In relation to the second work stream of Stage 3, the CSA expect to publish for comment in Spring, 2014 proposed amendments aimed at implementing pre-sale delivery of the Fund Facts. The original proposals relating to the pre-sale delivery of Fund Facts were published for comment in June 2009. The CSA are revisiting the original 2009 proposals, informed by the regulatory regimes of other jurisdictions that have implemented pre-sale delivery requirements, by IOSCO principles, and by the comments received from stakeholders.

Finally, as part of the third work stream related to Stage 3, the CSA granted exemptive relief orders introducing an alternative delivery regime for ETFs which requires delivery of a summary disclosure document with the trade confirmations for all ETF purchases as of September 2013. The CSA exemptive relief orders cover all ETF manufacturers and bank-owned dealers, which account for approximately 80% of ETF trades. The codification of these orders encompassing a Fund Facts-type document for ETFs and an accompanying alternative delivery model is expected to be published for comment in Fall, 2014.

1.4 Modernization of Investment Fund Product Regulation

The mandate for this initiative is to review the regulation of publicly offered investment funds with a view to developing rules that recognize product developments and trends in the investment fund industry. The initiative is being carried out in two phases.

Phase 1 of this initiative, which amended National Instrument 81-102 Mutual Funds (NI 81-102) to update certain regulatory requirements for mutual funds, came into force in 2012.

Phase 2 of this initiative, now underway, consists of three parts:

• amendments to NI 81-102 to introduce core investment restrictions and operational requirements for publicly offered non-redeemable investment funds (the NI 81-102 Amendments);

• amendments to National Instrument 81-104 Commodity Pools to create a more comprehensive alternative investment fund framework that will operate in conjunction with the proposed amendments to NI 81-102 (the Alternative Fund Proposals); and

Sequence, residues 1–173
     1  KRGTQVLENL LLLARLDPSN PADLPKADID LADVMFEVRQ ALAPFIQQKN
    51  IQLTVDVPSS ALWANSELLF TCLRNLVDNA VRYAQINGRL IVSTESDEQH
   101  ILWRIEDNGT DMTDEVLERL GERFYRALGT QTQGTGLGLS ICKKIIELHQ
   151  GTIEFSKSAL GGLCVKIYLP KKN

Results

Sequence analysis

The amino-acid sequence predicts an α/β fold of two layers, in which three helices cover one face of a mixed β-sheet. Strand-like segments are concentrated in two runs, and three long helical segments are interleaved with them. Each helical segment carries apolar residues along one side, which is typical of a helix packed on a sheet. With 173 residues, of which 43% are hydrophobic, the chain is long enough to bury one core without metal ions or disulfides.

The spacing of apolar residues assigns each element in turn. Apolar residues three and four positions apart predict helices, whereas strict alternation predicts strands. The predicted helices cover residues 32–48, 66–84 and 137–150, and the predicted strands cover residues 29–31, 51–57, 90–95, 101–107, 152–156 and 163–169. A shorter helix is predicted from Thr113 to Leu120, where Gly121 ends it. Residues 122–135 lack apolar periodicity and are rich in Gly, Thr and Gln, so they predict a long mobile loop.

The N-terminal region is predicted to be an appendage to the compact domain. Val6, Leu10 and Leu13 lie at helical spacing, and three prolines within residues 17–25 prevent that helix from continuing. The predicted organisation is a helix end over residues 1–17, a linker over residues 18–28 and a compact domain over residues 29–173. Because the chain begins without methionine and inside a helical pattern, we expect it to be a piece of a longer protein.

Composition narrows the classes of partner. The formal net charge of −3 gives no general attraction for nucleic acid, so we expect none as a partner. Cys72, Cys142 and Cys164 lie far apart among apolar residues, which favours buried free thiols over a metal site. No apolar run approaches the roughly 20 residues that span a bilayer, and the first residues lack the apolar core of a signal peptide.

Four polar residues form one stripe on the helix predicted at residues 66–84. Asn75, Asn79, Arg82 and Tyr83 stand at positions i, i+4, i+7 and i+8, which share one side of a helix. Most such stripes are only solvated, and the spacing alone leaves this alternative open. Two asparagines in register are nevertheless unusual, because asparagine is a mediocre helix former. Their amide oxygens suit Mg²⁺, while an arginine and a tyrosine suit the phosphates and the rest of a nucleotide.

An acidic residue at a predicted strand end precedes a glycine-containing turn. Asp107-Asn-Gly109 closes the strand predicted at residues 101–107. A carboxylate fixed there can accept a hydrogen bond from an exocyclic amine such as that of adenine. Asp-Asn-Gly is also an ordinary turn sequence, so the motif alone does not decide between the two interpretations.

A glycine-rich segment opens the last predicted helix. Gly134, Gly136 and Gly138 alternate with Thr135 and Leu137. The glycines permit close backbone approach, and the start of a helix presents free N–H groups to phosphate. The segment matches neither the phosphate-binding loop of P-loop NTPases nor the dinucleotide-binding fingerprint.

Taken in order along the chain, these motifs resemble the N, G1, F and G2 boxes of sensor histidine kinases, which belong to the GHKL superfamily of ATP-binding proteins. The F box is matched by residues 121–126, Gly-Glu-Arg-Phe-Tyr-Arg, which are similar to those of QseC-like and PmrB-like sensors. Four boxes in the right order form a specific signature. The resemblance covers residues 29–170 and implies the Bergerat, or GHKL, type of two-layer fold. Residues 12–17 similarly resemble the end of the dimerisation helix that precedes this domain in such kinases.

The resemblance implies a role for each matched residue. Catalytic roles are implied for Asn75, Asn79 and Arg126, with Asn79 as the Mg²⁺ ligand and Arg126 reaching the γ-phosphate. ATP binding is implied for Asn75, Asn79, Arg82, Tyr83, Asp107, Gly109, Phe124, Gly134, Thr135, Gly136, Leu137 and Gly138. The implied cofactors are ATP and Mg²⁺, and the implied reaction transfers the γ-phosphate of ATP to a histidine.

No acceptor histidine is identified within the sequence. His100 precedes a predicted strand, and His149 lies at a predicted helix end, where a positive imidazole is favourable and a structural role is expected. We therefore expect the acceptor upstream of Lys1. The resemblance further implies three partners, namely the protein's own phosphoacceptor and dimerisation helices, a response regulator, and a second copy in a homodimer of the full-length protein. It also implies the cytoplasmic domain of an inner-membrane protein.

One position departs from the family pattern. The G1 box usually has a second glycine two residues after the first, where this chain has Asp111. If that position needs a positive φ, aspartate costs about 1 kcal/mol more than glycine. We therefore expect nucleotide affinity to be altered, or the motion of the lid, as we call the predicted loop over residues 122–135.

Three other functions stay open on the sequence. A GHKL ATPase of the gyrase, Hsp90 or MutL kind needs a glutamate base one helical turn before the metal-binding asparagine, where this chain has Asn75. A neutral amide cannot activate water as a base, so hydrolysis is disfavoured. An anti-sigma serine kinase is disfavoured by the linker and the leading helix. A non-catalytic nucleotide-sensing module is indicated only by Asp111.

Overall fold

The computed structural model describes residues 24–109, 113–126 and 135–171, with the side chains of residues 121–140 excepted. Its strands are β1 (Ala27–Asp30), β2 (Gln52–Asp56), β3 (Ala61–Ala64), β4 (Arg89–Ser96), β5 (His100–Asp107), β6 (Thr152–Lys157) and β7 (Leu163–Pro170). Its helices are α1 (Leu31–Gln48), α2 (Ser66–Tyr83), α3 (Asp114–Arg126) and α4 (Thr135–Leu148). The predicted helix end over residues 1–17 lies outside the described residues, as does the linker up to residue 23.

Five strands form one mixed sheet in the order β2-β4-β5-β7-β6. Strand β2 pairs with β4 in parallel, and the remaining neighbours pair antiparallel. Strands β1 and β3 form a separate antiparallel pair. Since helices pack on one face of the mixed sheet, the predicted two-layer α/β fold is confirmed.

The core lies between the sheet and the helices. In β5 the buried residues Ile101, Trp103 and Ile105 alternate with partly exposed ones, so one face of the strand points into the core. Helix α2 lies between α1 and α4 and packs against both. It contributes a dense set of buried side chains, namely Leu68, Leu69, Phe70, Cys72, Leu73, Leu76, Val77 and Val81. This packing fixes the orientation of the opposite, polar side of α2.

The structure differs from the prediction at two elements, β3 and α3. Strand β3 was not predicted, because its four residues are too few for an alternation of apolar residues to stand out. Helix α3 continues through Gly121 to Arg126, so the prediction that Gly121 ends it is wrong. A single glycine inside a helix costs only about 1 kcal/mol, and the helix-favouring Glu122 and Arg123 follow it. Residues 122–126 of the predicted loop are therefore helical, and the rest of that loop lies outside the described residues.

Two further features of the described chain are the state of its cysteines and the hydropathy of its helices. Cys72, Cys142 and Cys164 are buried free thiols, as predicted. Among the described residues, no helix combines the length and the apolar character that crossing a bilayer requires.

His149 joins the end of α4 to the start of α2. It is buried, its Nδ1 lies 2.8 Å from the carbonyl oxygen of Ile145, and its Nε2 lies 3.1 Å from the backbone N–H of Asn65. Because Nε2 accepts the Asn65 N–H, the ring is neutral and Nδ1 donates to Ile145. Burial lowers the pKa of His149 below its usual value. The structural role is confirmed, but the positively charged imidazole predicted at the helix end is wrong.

• the introduction of new requirements intended to enhance the disclosure provided by all investment funds related to securities lending, repurchase and reverse repurchase transactions and to keep pace with global regulatory developments (the Securities Lending Disclosure Requirements).

The Phase 2 proposals were published for comment on March 27, 2013 for a 90 day comment period. In June, 2013, the CSA received a request from 42 market participants asking for an extension of the comment period on the basis that the Phase 2 proposals represented fundamental changes to the regulatory framework for non-redeemable investment funds, and that market participants required additional time to formulate a constructive response. In light of this request, the CSA published CSA Staff Notice 11-324 Extension of Comment Period (Staff Notice 11-324), which announced that the comment period for the Phase 2 proposals was being extended until August 23, 2013. Staff Notice 11-324 also provided an update prioritizing the proposed amendments that the CSA intended to finalize, and indicated that implementation of the Alternative Fund Proposals would be considered in conjunction with certain investment restriction proposals for NI 81-102, which will be finalized and come into force at a later date.